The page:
A Space for Their Voices: Students Bring Awareness to the Conflict in Armenia

  • Students

For three Master of Social Work (MSW) students - two born in Armenia and one in California - the news from their families in Armenia on Sept. 27, 2020 was terrifying. Hostilities erupted in the region of Nagorno-Karabakh, also known as Artsakh, after years of escalating skirmishes. In the midst of midterms held remotely because of the pandemic, they say they were glued to social media reports and constant family communication to learn more. Although the news made them feel scared, anxious, vulnerable and hopeless, they say they knew they had the strength to make a difference a half-a-world away.

As members of the Armenian Diaspora, and as Trojans, our students say they have responded by using the skills they learned at the USC Suzanne Dworak-Peck School of Social Work to initiate change and spread awareness through community organizing, peaceful protests, outreach to those in need of mental health support, and sharing links to government representatives and ways to help on social media. Lida Kerobyan, MSW ’21, Tina Patatanyan, MSW ’21, and Narine Abnousimasihi, MSW ’21, are using their social work education and skills to shed light on the conflict, which they hope will spark meaningful dialogue and change.

“The pride and love we have for our country are unmatched,” Patatanyan said.

Kerobyan, Patatanyan and Abnousimasihi, who met in the MSW program last year, are asking the public to be a part of and expand the conversation, get support if needed and go to www.armeniafund.org to help support all those affected. They are compelled to use what they have learned to make their voices heard.

“Prior to the program, I was quiet, stayed under the radar,” explained Kerobyan. “But because of this program, I felt like it was my duty to advocate. My motherland is being attacked.”

Abnousimasihi stressed that they are not asking for a political statement, but rather the space to supply the facts of the situation so that people can learn about it and recognize the developing humanitarian crisis. They know that the power of the USC community will help raise awareness and support its Armenian-American population.

Background

Armenia and neighboring country Azerbaijan are currently in an escalating conflict over the mountain area of Nagorno-Karabakh. The two former Soviet Union republics' borders in the region remain disputed.

According to a letter by Salpi Ghazarian, director of USC Institute of Armenian Studies, this war is over a dispute about the autonomy of the region, which is home to about 150,000 people - 95% of whom are ethnic Armenians, according to a 2015 census. Ghazarian reports that the Institute provides expert opinion on the region and academic programming. The Institute’s Twitter account is sharing its scholarly work and information about the situation.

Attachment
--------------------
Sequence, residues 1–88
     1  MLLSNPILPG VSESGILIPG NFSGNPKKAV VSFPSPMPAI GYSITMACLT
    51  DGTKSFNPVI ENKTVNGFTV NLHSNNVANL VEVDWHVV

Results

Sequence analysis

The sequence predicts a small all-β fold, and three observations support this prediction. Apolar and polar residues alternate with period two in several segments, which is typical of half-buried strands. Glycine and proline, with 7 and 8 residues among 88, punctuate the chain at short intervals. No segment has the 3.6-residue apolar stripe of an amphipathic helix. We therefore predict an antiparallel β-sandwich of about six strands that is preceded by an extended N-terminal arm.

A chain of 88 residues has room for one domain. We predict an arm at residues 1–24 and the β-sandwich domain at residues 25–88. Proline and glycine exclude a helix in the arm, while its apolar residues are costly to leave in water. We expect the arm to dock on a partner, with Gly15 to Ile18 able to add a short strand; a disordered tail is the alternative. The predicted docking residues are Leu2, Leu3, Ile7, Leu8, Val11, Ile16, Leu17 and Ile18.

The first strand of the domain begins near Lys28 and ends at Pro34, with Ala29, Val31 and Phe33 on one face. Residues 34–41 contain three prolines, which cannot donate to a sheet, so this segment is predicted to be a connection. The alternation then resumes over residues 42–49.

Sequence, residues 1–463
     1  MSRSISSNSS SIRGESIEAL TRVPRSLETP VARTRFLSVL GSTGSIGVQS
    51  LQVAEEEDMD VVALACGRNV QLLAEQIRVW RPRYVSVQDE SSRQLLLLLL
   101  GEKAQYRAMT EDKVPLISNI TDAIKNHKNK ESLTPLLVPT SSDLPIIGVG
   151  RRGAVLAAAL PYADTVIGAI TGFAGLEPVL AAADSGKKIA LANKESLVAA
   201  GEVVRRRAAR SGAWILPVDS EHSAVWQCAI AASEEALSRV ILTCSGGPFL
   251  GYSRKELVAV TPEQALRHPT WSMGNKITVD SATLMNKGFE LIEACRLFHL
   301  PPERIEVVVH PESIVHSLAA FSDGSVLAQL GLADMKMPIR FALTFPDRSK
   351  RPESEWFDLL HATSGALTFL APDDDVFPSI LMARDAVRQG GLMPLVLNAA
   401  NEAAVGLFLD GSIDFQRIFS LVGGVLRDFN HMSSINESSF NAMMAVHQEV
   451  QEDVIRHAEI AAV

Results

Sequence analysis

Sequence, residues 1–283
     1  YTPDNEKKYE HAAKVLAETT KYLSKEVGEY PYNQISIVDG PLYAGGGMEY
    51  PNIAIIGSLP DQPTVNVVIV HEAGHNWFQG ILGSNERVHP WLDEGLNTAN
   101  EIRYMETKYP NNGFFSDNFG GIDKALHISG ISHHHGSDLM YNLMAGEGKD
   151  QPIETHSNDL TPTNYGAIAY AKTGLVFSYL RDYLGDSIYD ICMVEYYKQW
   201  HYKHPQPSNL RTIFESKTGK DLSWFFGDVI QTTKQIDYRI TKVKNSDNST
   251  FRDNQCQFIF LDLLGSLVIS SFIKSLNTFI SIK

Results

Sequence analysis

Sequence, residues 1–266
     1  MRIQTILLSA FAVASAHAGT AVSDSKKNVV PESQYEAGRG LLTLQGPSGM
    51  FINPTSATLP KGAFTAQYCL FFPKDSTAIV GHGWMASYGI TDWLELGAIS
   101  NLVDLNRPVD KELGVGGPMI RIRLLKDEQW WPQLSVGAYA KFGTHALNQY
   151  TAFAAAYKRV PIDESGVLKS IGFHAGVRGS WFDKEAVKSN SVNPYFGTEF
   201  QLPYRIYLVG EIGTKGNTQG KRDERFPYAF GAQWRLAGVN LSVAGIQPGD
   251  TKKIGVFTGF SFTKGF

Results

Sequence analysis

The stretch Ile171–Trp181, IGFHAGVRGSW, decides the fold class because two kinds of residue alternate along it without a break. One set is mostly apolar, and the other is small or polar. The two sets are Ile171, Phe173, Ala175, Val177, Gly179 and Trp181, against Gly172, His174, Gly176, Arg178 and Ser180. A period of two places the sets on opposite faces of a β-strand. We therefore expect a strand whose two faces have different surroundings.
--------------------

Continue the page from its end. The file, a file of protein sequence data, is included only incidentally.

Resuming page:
The issue hits home for many across the university’s student population and Los Angeles, in general. Estimates are that almost half of the Armenian-American population in the country is in the area, with the U.S. Census Bureau's American Community Survey in 2011 estimating more than 214,000 residents. In 2017, the survey estimated nearly half a million people of Armenian ancestry living in the United States.

Intergenerational Trauma

Kerobyan said that the intergenerational trauma they suffer as Armenians is exacerbated by the current isolation of the pandemic and the renewed violence. Her grandmother grew up in an orphanage after her parents were killed in the earlier conflict. Kerobyan said this trauma has been passed down and manifested in some way to all Armenians.

Patatanyan put it this way: “This is not just another war. Everything we are and everything we know is being threatened.”

The three students already see strong support for their efforts, but more can be done. Their education is preparing them to make a difference.

"We want to thank our non-Armenian friends at USC, who have already shared, supported and spread awareness," they wrote in a letter to the USC community. "It takes one minute to repost and shed light into tragedies occurring in our motherland. As social workers, we pride ourselves in advocacy for those who can't afford to advocate for themselves. Our sworn duty is to implement social justice and promote positive changes."

For students who need support, USC offers counseling and mental health services available at both the Engemann and Eric Cohen student health centers. Licensed clinical professionals are available by appointment through MySHR or call 213-740-9355 (WELL).

To reference the work of our faculty online, we ask that you directly quote their work where possible and attribute it to "FACULTY NAME, a professor in the USC Suzanne Dworak-Peck School of Social Work” (LINK: https://dworakpeck.usc.edu)